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#117130 05/24/04 02:52 PM
Joined: Oct 2000
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This Used To Be A Conductor
Photos by Dave55:

[Linked Image]

[Linked Image]

Joined: Nov 2000
Posts: 2,148
R
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Is that an aluminum conductor that was installed underground? That's what normally happens to aluminum if there is a small nick in the insulation and the conductor is installed underground.
Don


Don(resqcapt19)
Joined: May 2004
Posts: 697
D
Member
Exactly, Don.

Dave

Joined: Feb 2004
Posts: 1,438
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Ahhh, this looks very familiar! I once had a call at a mobile home park where about 8 units had no power... A month earlier a plumbing company installed a sewer cleanout near one of the affected units.. All the utilities in this place were in the same trench.. Tone traced it & lost signal right next to the cleanout.. Lo & behold I found direct burial #1 Aluminum conductors just like this there... I wonder if the plumber noticed a tingling feeling when he was doing his work? [Linked Image] The circuit breaker controlling this did not trip (Zinsco 90A 240V)..

-Randy

Joined: Dec 2000
Posts: 4,289
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What causes the white "globs" on conductors that get wet?
I've seen this many times, but never knew why the formed....S

Joined: Aug 2002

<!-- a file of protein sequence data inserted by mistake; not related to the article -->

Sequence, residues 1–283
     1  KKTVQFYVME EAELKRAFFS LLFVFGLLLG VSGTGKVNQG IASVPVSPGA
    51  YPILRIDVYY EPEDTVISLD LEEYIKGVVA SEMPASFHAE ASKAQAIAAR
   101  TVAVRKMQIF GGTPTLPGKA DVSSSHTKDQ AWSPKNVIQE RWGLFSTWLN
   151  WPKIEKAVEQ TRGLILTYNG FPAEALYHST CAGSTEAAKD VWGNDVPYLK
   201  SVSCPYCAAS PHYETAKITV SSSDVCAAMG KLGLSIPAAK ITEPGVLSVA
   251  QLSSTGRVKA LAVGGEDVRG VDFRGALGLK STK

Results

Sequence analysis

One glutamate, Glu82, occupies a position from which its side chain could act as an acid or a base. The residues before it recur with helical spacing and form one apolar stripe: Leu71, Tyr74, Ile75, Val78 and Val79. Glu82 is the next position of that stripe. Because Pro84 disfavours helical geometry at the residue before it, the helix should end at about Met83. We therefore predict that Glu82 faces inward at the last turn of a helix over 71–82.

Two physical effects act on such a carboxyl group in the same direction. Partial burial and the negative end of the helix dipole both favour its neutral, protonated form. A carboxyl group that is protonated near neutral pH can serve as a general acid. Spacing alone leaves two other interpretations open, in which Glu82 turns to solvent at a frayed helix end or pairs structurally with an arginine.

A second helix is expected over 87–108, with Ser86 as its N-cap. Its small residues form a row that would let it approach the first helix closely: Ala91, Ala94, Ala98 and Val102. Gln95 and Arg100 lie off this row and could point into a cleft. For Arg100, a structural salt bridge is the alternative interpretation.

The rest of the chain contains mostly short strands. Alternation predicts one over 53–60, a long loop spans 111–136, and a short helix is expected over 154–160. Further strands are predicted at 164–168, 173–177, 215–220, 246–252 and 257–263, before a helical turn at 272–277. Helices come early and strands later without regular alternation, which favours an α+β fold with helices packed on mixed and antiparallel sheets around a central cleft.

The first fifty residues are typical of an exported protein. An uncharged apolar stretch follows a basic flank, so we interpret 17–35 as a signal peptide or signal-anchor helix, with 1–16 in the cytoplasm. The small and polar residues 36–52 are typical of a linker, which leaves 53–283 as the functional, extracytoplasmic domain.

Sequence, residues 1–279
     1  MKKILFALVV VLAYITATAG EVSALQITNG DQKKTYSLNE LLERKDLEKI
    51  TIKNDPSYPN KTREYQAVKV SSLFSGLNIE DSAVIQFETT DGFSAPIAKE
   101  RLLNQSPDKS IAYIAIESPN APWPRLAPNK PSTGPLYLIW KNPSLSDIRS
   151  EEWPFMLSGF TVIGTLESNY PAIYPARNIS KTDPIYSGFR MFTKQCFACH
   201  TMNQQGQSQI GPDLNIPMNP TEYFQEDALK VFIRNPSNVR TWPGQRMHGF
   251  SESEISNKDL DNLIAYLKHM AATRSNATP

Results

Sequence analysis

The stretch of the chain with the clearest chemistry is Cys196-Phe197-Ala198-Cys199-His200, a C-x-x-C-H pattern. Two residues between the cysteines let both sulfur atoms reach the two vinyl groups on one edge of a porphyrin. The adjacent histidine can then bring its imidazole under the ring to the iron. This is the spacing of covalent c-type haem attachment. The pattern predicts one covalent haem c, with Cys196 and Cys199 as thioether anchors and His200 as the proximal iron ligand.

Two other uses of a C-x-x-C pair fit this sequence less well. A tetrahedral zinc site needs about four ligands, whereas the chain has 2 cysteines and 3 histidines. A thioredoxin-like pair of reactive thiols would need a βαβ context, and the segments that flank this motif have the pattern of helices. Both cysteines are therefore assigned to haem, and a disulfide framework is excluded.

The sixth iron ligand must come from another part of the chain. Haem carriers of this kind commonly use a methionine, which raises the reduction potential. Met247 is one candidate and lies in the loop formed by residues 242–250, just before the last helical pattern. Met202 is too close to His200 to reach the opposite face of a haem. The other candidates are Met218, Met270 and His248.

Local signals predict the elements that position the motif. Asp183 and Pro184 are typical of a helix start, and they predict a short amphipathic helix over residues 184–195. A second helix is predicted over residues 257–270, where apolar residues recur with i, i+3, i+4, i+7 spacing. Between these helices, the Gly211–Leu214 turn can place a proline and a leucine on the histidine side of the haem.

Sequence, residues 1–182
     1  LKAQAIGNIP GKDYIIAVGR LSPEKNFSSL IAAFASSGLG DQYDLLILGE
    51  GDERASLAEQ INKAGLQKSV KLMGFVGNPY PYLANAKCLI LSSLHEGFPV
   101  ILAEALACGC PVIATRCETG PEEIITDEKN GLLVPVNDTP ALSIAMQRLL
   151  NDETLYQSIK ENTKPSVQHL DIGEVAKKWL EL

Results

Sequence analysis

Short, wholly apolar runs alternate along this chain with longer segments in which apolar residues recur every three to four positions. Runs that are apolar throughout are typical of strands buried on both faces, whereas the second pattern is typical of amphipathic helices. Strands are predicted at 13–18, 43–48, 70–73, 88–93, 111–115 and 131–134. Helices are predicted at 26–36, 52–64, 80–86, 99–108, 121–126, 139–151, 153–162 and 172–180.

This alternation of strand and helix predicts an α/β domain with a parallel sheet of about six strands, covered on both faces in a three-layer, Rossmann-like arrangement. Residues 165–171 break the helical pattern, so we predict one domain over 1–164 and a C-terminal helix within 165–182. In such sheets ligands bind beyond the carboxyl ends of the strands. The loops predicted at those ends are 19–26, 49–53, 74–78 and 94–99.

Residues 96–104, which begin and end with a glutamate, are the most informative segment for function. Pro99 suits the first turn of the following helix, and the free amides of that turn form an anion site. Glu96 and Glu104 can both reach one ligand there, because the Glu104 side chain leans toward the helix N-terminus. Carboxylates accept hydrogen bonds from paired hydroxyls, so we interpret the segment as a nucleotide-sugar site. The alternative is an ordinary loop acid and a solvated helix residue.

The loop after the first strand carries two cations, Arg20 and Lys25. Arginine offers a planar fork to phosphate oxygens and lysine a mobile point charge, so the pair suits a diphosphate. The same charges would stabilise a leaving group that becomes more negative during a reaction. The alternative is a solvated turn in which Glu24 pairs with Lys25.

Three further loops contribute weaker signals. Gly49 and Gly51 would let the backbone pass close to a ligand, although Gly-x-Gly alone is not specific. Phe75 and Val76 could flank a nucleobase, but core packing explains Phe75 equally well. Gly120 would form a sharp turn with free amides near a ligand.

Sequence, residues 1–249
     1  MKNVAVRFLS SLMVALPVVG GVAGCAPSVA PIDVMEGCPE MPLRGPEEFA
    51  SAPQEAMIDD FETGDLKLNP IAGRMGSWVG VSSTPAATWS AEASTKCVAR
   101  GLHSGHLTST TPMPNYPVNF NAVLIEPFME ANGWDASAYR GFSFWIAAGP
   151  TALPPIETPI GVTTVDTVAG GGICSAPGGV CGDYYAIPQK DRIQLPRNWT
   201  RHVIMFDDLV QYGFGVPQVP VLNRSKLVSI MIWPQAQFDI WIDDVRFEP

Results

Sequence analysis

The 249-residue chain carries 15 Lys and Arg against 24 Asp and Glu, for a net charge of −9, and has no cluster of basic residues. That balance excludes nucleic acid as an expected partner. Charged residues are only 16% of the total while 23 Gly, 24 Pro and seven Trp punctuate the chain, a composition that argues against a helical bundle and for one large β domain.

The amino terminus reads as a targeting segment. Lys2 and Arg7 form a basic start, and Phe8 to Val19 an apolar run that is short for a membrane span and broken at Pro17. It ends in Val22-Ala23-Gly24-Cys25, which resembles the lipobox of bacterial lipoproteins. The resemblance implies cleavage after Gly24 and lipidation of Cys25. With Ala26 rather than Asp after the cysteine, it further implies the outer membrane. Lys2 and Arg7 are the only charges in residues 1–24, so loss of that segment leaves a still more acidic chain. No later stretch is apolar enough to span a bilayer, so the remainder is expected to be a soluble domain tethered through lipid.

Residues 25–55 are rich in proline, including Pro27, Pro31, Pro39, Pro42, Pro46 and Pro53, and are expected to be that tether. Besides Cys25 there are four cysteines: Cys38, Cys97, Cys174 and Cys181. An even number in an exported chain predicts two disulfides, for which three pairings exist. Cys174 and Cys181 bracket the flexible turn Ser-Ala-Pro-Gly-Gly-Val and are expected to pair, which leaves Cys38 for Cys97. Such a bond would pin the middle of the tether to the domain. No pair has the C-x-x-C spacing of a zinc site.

Posts: 1,691
S
Member
I think the white crud is aluminium oxide....

Aluminium reacting with the oxygen in the water and probably who knows what else in the soil?

Just a guess....I'm no chemist. [Linked Image]

Joined: Oct 2003
Posts: 152
M
Member
I think the electricity in the conductor has a lot to do with it also.

Where's Scott35 ?? Surely he could give us an indepth explanation of this occurance.

Joined: Oct 2003
Posts: 147
C
Member
SvenNYC: I'm no chemist either, so I phoned one up. The white crud is aluminum oxide.

[This message has been edited by crash (edited 05-26-2004).]

Joined: Jul 2002
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To agree with Crash,
That is Aluminium Oxide, caused by fresh Aluminium being exposed to Oxygen.
Water only accelerates the deterioration of the Aluminium metal below, the oxide surface. [Linked Image]

Joined: Apr 2002
Posts: 2,527
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For aluminium conductor, air and moisture readily form oxides and hydroxides when in contact with the metal on its exposed surfaces—coincidentally happening to be superb {and merciless} insulators.

As is probably evident from the images, in time the oxides also migrate into cable-strand interstices.

Nonreversible tool-compressed terminations and splices are unbeatably durable for many decades of electrical-connection reliability [and survival of the electrical system.]


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